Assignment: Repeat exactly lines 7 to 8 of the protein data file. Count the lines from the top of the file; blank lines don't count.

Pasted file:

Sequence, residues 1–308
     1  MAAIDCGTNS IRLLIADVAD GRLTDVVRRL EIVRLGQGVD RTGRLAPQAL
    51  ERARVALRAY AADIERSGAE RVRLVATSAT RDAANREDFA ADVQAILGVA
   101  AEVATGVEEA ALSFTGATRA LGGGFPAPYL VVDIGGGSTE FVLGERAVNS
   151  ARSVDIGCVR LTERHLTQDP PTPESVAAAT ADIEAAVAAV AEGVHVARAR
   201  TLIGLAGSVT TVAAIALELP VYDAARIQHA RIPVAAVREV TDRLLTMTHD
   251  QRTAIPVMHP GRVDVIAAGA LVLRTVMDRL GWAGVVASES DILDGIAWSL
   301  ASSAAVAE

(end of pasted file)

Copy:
   251  QRTAIPVMHP GRVDVIAAGA LVLRTVMDRL GWAGVVASES DILDGIAWSL
   301  ASSAAVAE